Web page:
What does a dead, rich, privileged white male have to teach modern America? If he’s Franklin Delano Roosevelt, quite a lot!
No one could have been more privileged than FDR, who was born to wealth, social position, and an open pathway to success. A character in an Evelyn Waugh novel remarks, “Only the rich realize the gulf that separates them from the poor,” and in 1882 (the year of FDR’s birth) that gulf was far more vast than it is now. Of course, today’s ultra-rich can buy more things, and far fancier things, than the rest of us can. But thanks to the democratization of American society, pretty much everyone today has access to education, communication, entertainment, personal transport, and good health that ordinary Americans in the 19th century simply lacked.
Being “privileged” could not prevent FDR from contracting polio in 1922. Yes, he could afford the best medical care, but it could not restore the use of his legs. In an era when a disabled person was considered a social outcast, Franklin Roosevelt was determined to present himself as strong and fully capable of leadership. He willed himself to “walk” using heavy leg braces, a cane, and the strong arm of a son or aide. To deliver a speech, he used his well-developed upper body to hold himself at a rostrum — often with only one hand, so the other could be used to wave or gesture. He never wanted to be seen in a wheelchair, at the time the very symbol of weakness. Photographers covering the White House were strictly forbidden to take pictures of the president in a wheelchair or being helped to his feet, and the Secret Service confiscated the film of those who didn’t get (or ignored) these instructions.
FDR was also blessed with tremendous good looks and charm. Another Waugh character says, “Those who have charm don’t really need brains.” FDR was plenty smart, but it was his personality that carried him beyond the family estate on the Hudson to the presidency. Supreme Court Justice Oliver Wendell Holmes Jr. said FDR had “a second-rate intellect but a first-rate temperament.” FDR used his charm to put others at ease—those who might be concerned for his physical condition; those who had lost jobs, homes, and farms during the Great Depression; and those who worried for the future of the nation and its freedoms during the Second World War. It was said Roosevelt “radiated confidence”, and the United States needed a great deal of it during the 1930s and ‘40s.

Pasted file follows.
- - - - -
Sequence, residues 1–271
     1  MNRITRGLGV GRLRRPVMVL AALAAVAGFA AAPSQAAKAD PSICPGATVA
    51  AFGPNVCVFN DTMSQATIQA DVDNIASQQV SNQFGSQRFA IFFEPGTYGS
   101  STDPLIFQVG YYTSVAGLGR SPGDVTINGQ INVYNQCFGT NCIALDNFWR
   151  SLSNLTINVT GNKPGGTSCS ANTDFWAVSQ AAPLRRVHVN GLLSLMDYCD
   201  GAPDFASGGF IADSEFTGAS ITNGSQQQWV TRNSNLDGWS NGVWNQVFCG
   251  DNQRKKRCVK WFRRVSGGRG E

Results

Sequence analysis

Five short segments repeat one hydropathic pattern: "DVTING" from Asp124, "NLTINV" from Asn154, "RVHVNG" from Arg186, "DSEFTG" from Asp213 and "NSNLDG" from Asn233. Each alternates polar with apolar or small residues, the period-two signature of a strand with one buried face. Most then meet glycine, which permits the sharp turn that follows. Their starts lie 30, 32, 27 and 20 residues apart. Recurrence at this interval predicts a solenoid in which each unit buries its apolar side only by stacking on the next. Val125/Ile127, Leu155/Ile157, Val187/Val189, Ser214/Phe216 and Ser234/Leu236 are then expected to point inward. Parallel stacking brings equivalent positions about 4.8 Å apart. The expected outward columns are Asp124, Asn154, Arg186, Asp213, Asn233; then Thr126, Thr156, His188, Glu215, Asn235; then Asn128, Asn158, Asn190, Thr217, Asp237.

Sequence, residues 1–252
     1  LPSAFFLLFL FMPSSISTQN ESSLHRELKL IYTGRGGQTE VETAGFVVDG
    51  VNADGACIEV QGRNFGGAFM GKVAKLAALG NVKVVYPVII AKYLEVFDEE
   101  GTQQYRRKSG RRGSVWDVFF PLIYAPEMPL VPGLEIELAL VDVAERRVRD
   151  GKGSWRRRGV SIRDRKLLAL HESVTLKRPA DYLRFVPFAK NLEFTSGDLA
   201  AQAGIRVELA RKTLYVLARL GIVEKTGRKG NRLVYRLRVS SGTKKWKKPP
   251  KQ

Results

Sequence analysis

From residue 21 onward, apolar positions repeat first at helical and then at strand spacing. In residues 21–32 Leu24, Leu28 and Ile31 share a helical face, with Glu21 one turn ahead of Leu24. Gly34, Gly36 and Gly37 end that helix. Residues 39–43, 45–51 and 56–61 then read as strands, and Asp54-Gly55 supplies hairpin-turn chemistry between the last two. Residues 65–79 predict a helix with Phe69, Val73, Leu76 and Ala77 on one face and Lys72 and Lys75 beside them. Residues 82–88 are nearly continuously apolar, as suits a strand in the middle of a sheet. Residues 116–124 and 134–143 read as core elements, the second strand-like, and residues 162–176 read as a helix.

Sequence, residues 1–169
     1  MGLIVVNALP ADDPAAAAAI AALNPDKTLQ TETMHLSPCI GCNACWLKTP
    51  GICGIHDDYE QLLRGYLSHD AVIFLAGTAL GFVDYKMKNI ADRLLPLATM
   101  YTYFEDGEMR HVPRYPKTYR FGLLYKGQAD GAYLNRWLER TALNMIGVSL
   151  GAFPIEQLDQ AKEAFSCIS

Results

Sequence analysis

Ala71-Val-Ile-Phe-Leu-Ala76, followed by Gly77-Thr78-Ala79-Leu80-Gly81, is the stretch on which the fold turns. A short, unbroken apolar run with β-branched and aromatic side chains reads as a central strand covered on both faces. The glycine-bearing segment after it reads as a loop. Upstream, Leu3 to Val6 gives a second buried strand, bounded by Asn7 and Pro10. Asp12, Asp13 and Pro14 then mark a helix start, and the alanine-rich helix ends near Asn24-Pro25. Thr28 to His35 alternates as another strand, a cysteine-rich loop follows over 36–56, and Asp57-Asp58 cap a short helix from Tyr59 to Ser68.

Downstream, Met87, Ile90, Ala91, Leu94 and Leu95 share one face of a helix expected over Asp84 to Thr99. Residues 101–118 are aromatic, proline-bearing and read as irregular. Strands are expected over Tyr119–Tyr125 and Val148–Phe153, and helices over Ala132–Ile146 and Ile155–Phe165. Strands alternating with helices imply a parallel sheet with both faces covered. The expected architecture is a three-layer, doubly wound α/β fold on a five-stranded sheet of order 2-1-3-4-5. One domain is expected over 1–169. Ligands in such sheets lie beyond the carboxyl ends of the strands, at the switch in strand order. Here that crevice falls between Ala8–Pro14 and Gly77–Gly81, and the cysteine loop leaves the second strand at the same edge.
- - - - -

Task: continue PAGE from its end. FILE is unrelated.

Charm alone might have made Franklin Roosevelt president. But it was his experience with polio, refusing to let it defeat him and giving him empathy for the suffering of others that made him a leader.
Real Leaders, Real People: Overcoming Obstacles on the Path to Leadership meets on Tuesdays at 10:00 beginning October 15. Chase Untermeyer is a graduate of Harvard and served in the U.S. Navy during Vietnam. He was a Texas state representative; an assistant secretary of the Navy under President Reagan; director of Presidential Personnel and director of the Voice of America under President George H.W. Bush; and U.S. ambassador to Qatar under George W. Bush.